Just a Second

Maximising potential by unlocking creativity.

Just a Second is an intergenerational musical collaboration that inspires and empowers young people to be creators of their own future through a ground-breaking musical and personal development programme.

Working in collaboration with leading artists, Tim Jackson, Principal Horn player at the Liverpool Philharmonic Orchestra and Chris Mellor, Director and Dramaturg, we are creating the Just a Second Musical which reveals how our lives can change in just a second and how we can change other people’s if we give them just a second of our time.

The Background Story

An elderly man lived and worked his whole life as a fixer and mender of broken things, between a corner shop and a property agent, in a small street away from the centre of the city.

The old man had always felt more comfortable around clocks, and toasters than around people. He and his wife did have one child. She left home after a particularly big row when she was still quite young and he had not seen her for a very long time. She was almost as stubborn as he was.

A few years ago his kind, patient and even more stubborn wife, had persuaded him that they should foster a small boy who was lost and unsettled and couldn’t stop running away. Unexpectedly, the old man found, in the boy, a kindred spirit and they passed their time together in his workshop where he instilled a love of mechanisms and mending in his 11 year old apprentice and adopted grandson.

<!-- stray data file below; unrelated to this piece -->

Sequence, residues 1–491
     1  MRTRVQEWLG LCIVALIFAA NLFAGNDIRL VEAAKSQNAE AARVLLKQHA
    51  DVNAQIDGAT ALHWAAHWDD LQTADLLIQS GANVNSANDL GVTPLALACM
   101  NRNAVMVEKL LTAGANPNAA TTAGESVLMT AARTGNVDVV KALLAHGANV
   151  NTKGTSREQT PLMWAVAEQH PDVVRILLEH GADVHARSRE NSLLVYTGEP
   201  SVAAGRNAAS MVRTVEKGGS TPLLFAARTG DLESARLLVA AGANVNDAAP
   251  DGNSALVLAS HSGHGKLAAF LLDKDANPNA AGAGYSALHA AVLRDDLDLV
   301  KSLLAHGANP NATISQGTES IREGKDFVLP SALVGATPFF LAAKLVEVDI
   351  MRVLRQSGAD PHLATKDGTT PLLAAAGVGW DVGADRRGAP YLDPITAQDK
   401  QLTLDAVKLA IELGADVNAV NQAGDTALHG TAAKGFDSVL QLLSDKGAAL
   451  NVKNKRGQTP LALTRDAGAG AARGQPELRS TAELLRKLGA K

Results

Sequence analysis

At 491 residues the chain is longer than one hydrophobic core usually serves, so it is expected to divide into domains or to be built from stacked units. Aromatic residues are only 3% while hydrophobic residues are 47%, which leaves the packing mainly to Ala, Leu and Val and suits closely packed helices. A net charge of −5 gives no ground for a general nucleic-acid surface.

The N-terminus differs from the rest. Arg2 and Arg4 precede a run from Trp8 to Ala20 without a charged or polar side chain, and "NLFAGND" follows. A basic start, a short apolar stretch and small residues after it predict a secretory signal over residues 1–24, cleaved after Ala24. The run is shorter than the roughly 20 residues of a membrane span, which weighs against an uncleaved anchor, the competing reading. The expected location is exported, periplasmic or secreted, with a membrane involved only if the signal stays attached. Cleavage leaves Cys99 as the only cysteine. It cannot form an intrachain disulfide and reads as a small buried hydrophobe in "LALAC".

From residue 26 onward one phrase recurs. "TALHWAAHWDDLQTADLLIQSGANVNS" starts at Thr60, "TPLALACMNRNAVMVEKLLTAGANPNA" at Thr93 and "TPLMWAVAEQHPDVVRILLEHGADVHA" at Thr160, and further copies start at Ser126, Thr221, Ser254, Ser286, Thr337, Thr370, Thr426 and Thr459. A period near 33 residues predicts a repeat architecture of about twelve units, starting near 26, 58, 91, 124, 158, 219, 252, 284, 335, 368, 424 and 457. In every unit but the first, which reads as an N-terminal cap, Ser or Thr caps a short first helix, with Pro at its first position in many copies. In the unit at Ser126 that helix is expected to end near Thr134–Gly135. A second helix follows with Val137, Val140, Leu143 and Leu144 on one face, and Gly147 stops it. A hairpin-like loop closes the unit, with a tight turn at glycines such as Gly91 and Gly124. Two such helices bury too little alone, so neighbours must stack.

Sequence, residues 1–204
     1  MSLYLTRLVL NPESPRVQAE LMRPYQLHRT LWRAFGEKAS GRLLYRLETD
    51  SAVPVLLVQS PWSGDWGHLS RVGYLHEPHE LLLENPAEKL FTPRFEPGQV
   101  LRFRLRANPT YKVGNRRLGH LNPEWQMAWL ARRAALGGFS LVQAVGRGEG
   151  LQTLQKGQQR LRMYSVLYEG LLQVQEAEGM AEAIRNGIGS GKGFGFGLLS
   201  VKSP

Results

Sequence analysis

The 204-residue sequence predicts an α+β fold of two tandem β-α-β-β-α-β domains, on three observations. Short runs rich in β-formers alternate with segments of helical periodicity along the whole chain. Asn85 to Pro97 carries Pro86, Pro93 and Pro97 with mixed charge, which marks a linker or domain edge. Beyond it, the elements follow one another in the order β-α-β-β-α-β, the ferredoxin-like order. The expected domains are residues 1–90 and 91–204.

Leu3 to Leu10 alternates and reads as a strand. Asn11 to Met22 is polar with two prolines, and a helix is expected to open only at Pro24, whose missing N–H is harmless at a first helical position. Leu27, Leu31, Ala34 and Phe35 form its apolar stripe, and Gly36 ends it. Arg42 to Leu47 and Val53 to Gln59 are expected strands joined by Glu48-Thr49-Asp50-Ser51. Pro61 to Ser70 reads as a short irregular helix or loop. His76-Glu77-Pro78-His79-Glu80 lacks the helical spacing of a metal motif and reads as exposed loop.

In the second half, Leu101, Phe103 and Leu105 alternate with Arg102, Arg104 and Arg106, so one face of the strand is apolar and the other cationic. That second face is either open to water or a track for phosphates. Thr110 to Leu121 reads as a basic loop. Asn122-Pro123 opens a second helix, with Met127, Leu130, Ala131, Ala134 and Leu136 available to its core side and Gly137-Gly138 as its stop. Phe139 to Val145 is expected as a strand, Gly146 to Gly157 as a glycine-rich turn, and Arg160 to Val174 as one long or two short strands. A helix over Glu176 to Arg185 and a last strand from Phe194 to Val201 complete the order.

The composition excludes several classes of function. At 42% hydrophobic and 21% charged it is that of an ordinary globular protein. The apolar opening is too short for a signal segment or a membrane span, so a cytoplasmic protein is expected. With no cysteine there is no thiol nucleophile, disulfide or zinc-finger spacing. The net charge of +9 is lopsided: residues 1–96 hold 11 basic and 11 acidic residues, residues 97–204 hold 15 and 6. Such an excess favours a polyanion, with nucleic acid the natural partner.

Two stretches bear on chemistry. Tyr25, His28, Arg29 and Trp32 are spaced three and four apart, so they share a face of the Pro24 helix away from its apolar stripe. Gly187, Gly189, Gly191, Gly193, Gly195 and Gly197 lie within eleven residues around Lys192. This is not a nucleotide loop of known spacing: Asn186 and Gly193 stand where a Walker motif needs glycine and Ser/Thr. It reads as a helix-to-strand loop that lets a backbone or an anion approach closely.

When his wife died suddenly, the old man and the boy retreated to the workshop where they set about restoring a clock that the old man had acquired as a box of broken bits from a neighbour when he was just starting out, many years ago. As the old man taught the boy how to mend and tend to the clock they both began to pull together the broken pieces of their lives. Eventually the clock was renewed until it ticked and tocked and chimed better than ever. That was yesterday. 

Now today, the old man too has died: suddenly, just like his wife, leaving the boy once more alone. All he has left is the clock they worked on together but now every tick carries him further from his grandad, every tock pushes him toward a future that he can’t face and all he wants is for time to stop.

On the other hand, time cannot move fast enough for the old man’s daughter, who has returned to her childhood home to organise her father’s funeral, and sell his workshop. She just needs to tick things off her list, one item following another, as quickly as possible, until it’s done, once and for all, and she can return to the life she has worked so hard to build: in the centre of the city, away from here. But what to do about the small grieving boy and who is the secretive teenager living in the room above the workshop?

Just a Second follows a week in the life of this small street in a quiet neighbourhood away from the centre of things. Seven days between an old man’s death and his final rest. 10,080 seconds, and any one of them could change everything for a young boy, a daughter, a teenage wanderer, a corner shopkeeper, a business man and his niece.